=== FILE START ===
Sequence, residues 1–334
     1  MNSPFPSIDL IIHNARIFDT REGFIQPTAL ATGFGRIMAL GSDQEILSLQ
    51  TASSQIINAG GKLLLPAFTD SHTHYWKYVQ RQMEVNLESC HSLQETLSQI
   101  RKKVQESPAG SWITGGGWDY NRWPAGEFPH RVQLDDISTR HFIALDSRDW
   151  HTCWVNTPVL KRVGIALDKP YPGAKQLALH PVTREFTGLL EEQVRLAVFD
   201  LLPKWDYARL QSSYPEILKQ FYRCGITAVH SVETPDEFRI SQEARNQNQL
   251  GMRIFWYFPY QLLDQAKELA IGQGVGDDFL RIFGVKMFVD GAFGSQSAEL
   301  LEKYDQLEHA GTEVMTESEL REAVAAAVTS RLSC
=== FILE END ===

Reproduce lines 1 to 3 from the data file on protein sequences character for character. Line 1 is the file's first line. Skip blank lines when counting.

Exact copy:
Sequence, residues 1–334
     1  MNSPFPSIDL IIHNARIFDT REGFIQPTAL ATGFGRIMAL GSDQEILSLQ
    51  TASSQIINAG GKLLLPAFTD SHTHYWKYVQ RQMEVNLESC HSLQETLSQI